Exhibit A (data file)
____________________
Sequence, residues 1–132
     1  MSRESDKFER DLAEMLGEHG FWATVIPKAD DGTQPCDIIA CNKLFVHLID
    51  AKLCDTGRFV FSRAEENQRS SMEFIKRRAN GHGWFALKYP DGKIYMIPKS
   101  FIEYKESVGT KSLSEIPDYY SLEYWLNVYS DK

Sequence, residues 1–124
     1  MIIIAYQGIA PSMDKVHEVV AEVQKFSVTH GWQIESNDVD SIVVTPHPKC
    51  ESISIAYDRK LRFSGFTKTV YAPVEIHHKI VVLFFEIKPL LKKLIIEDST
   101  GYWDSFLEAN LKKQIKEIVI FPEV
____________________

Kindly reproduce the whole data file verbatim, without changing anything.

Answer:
Sequence, residues 1–132
     1  MSRESDKFER DLAEMLGEHG FWATVIPKAD DGTQPCDIIA CNKLFVHLID
    51  AKLCDTGRFV FSRAEENQRS SMEFIKRRAN GHGWFALKYP DGKIYMIPKS
   101  FIEYKESVGT KSLSEIPDYY SLEYWLNVYS DK

Sequence, residues 1–124
     1  MIIIAYQGIA PSMDKVHEVV AEVQKFSVTH GWQIESNDVD SIVVTPHPKC
    51  ESISIAYDRK LRFSGFTKTV YAPVEIHHKI VVLFFEIKPL LKKLIIEDST
   101  GYWDSFLEAN LKKQIKEIVI FPEV